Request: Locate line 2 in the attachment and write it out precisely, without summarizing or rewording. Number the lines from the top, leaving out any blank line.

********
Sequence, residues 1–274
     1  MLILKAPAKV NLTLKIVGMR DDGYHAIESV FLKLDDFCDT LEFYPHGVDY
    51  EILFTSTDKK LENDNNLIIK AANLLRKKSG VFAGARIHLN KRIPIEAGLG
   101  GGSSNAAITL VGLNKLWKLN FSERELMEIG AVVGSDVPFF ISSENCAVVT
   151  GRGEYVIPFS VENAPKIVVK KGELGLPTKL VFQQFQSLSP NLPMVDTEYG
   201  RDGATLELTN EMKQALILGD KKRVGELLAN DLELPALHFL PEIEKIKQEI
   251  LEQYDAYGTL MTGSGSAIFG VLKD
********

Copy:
     1  MLILKAPAKV NLTLKIVGMR DDGYHAIESV FLKLDDFCDT LEFYPHGVDY